You can't pin this one on women: Joss Whedon says it's "horses**t" that hectoring feminists chased him off Twitter

Show's over, Twitter — you can return to your regularly-scheduled feminism-bashing now

By Mary Elizabeth Williams

Senior Writer

Published May 6, 2015 2:45PM (EDT)

Joss Whedon       (AP/Mark Schiefelbein)
Joss Whedon (AP/Mark Schiefelbein)

Foiled again, evil feminist cabal. Turns out you did not drive Joss Whedon off Twitter, no doubt sobbing over your vagina-centric cruelty, after all. Try harder, misandry!

When the "Avengers: Age of Ultron" writer-director — and, you know, that guy who created "Buffy the Vampire Slayer" — took a sudden leave of social media earlier this week after his movie's gangbusters opening, many assumed it had something to do with the intense, gross feedback that's such a hallmark of Twitter interaction. Patton Oswalt observed that "Yep. There is a ‘Tea Party’ equivalent of progressivism/liberalism. And they just chased Joss Whedon off Twitter. Good job, guys. Ugh." The Independent pondered that "Many have speculated that he was hectored by feminists," while conservative outlets like Breitbart eagerly reported on Whedon's departure as a response to a "rabid feminist ‘Avengers’ backlash."

Undeniably, Whedon has been on the receiving end of plenty of outrage over the new "Avengers," and in particular, the evolution of Scarlett Johansson's character Black Widow. And in case you don't happen to get a whole lot of "Kill yourself, ugly whore" in your replies, let me report that Twitter isn't always a place for reasoned and subtle cultural dialogue. Along with plenty of support for his work, there has of late been a fair amount of expletive-riddled rage, with disgruntled tweeters calling Whedon a "sexist piece of s__t" and similar.

But in a conversation with Adam B. Vary of Buzzfeed News Tuesday, Whedon affirmed that the haters had nothing to do with his departure. In fact, he said, "That is horses__t." He went on to explain, "Believe me, I have been attacked by militant feminists since I got on Twitter. That’s something I’m used to. Every breed of feminism is attacking every other breed, and every subsection of liberalism is always busy attacking another subsection of liberalism, because god forbid they should all band together and actually fight for the cause. I saw a lot of people say, 'Well, the social justice warriors destroyed one of their own!' It’s like, Nope. That didn’t happen. I saw someone tweet it’s because Feminist Frequency pissed on 'Avengers 2,' which for all I know they may have. But literally the second person to write me to ask if I was OK when I dropped out was [Feminist Frequency founder] Anita [Sarkeesian]." Maybe Sarkeesian knows exactly what it's like to be harassed and threatened and online? Maybe because if there's any group who'd stand in solidarity against the trolls and bullies, it'd be one that knows what they're capable of? And you'd likely be looking at a whole lot of women.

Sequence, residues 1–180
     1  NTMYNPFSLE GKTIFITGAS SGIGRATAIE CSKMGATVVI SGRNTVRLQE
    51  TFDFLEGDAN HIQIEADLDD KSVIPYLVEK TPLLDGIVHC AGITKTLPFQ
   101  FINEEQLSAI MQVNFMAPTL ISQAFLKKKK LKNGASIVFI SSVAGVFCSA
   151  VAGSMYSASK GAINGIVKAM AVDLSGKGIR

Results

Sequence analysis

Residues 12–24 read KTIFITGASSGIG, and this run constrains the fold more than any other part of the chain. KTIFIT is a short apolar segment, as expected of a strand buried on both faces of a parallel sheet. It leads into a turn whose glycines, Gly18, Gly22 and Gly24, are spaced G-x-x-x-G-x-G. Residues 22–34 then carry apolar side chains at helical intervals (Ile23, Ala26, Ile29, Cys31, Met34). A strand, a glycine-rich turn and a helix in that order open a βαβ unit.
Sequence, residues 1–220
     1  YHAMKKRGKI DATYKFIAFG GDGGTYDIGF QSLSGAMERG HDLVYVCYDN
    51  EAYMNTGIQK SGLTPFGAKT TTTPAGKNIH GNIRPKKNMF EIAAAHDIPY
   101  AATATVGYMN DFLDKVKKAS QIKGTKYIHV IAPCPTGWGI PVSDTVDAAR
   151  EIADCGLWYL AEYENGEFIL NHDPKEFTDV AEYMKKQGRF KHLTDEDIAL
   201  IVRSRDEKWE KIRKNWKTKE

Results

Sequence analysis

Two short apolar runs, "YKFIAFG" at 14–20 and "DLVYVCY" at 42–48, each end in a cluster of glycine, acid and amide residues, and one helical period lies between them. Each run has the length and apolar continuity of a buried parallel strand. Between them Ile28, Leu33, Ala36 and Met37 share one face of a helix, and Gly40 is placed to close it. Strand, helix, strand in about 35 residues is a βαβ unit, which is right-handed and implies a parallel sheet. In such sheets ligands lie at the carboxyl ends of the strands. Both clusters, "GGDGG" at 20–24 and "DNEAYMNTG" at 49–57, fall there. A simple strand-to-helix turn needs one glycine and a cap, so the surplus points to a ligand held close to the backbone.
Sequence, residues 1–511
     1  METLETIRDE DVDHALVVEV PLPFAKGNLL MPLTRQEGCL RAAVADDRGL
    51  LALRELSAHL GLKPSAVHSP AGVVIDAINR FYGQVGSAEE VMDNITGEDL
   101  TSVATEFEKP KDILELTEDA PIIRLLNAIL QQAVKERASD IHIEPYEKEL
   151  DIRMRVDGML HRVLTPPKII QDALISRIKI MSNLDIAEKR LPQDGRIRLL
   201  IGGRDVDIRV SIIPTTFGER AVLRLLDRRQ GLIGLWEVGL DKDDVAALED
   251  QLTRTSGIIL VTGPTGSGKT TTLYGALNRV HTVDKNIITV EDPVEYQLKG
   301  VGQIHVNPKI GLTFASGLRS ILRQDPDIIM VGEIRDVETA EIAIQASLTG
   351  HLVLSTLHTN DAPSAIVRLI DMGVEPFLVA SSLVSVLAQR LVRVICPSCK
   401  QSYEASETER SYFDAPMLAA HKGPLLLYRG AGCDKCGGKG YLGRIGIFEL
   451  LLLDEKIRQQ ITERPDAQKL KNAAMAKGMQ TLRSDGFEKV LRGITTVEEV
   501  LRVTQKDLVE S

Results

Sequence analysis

Whedon says that he took off because "I just thought, Wait a minute, if I’m going to start writing again, I have to go to the quiet place. And this is the least quiet place I’ve ever been in my life.… It’s like taking the bar exam at Coachella." But he acknowledges that "When you declare yourself politically, you destroy yourself artistically. Because suddenly that’s the litmus test for everything you do — for example, in my case, feminism. If you don’t live up to the litmus test of feminism in this one instance, then you’re a misogynist. It circles directly back upon you."

We are not all members of neatly defined groups with clearly written manifestos for all to abide by. Nobody gets to be Official Spokesperson for anything. In the best of circumstances, our idealogical differences challenge us to examine our common goals for common good. In the worst of them, we are reminded that self-described members of our own tribe can be as hateful and mean and gross as anybody else. Whedon's odyssey shone a particular spotlight on that group of people whose fury over a Marvel character seems as good an excuse as any to lash out and say stupid things on Twitter. They don't represent anything but the very loosely formed but thriving population of sad, angry people who like to yell at stranger on the Internet. And you can be sad to not have Joss Whedon in your Twitter feed any more, but you can't pin this one on feminism.

By Mary Elizabeth Williams

Mary Elizabeth Williams is a senior writer for Salon and author of "A Series of Catastrophes & Miracles."

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Avengers: Age Of Ultron Joss Whedon Patton Oswalt Twitter